How much of your life would you give to expose a hard to believe truth? Conversely, for how long would you live a complete lie to save integrity? If one were to reach such extremes is balance so far removed it plays no role?
Tyler Hamilton made his return to professional cycling this week. For those of you who are not cycling fans, or who are unaware of Hamilton’s story it is worth a little investigation. Just over two years ago he was one of the premier cyclists in the world (and at the time my favourite), winner of a gold medal in Athens, and possible heir to Armstrong’s Tour reign. That all dissolved when he tested positive for blood doping. Tests showed another person’s blood was mixed in his own. Through the heaps of data – which is incredibly technical and jargon filled – Hamilton has remained steadfast. Through numerous hearings and appeals, where his suspension was repeatedly upheld, he has been consistently enthusiastic in saying he did not dope. His efforts have not gone in to half-baked denials. He has not tried to blame others for misleading him. He has not spent huge sums of money on suing newspapers, labs or doctors. Instead, Hamilton has spent all of his resources on leading a very transparent rebuttal and a very clear headed media campaign to prove his innocence. He has been supported by numerous doctors, technicians and officials who refuse to back down in their belief that Hamilton’s test was a false positive. They have put forward a mountain of data and evidence in return that suggest his suspension should have been annulled without argument. But, with two camps at polar ends, and no lay person being able to fully understand the technical aspect of the case, Hamilton will forever remain branded.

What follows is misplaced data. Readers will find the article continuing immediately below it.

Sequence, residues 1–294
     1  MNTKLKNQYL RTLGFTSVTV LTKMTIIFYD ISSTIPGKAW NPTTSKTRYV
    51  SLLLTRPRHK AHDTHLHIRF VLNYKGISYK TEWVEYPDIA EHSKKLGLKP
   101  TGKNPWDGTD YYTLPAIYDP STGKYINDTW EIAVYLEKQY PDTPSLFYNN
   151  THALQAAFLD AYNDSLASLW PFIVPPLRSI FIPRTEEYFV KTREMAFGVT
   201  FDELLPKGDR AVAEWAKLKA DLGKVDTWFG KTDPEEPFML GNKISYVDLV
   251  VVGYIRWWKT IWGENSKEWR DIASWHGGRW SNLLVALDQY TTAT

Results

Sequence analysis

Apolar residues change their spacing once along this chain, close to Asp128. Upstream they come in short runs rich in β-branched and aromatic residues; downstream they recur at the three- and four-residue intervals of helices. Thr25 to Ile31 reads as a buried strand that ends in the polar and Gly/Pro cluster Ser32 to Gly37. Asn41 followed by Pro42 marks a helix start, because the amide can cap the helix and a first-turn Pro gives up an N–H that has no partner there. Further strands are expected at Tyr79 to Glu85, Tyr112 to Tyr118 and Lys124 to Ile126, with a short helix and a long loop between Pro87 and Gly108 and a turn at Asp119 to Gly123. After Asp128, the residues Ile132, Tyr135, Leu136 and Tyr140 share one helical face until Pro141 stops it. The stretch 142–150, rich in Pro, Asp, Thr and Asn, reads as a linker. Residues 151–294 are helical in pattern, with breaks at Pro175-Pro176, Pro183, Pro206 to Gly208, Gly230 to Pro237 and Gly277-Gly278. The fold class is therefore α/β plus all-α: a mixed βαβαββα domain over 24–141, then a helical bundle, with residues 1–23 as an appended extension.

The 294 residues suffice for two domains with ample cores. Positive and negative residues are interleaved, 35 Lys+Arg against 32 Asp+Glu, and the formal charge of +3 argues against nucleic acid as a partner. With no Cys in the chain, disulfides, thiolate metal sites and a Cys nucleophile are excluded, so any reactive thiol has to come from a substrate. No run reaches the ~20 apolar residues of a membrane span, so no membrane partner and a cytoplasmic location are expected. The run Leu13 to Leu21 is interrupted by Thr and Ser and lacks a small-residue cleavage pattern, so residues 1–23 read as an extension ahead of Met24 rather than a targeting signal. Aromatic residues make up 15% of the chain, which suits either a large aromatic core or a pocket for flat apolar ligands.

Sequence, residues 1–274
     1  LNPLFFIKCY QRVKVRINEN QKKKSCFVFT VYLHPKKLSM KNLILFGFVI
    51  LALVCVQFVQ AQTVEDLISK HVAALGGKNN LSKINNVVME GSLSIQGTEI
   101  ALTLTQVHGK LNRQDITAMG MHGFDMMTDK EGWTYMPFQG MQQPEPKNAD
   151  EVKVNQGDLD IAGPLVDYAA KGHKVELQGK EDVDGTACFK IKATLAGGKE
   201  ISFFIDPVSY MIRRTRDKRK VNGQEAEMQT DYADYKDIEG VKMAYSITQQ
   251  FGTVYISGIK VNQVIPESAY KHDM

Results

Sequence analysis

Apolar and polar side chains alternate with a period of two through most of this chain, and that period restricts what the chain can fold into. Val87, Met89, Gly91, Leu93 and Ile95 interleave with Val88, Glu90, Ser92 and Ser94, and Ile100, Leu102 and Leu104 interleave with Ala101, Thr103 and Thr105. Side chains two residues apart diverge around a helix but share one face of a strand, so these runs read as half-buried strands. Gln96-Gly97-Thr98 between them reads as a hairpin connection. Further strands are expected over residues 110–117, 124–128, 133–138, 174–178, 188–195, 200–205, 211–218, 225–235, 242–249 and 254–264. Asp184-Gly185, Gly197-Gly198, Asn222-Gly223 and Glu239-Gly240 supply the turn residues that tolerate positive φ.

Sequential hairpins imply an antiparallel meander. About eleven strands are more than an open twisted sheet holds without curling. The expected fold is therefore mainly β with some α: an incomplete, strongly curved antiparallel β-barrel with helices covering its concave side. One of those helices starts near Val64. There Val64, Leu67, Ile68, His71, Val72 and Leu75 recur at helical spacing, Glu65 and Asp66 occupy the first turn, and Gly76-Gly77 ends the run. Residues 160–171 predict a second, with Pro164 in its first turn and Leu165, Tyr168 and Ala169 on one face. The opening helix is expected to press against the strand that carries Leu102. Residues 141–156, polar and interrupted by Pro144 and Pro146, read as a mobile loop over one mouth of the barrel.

However, I can think of no other athlete who has tested positive to put everything in to clearing his name. Cycling is zealous in its attempts to catch dopers (a position more professional sports should take) and I want to believe it is making a difference. I also want to believe Hamilton. There is simply something about the way he expresses himself and the lengths he has gone to. I do not see a resolution because a sporting body so fanatically paranoid about its reputation that it feels it must catch people, is pitted against a man who has bared his soul to the world to profess his innocence in a way no other athlete ever has.
I think cycling is a fantastic sport and encourage people to follow along or get involved. I want cycling to be clean. I want Tyler to be clean. But I just don’t know. I don’t like not knowing.
Nevertheless, guilty or not, he has served the time, and now deserves to ride regardless. I hope he finds what he feels is redemption.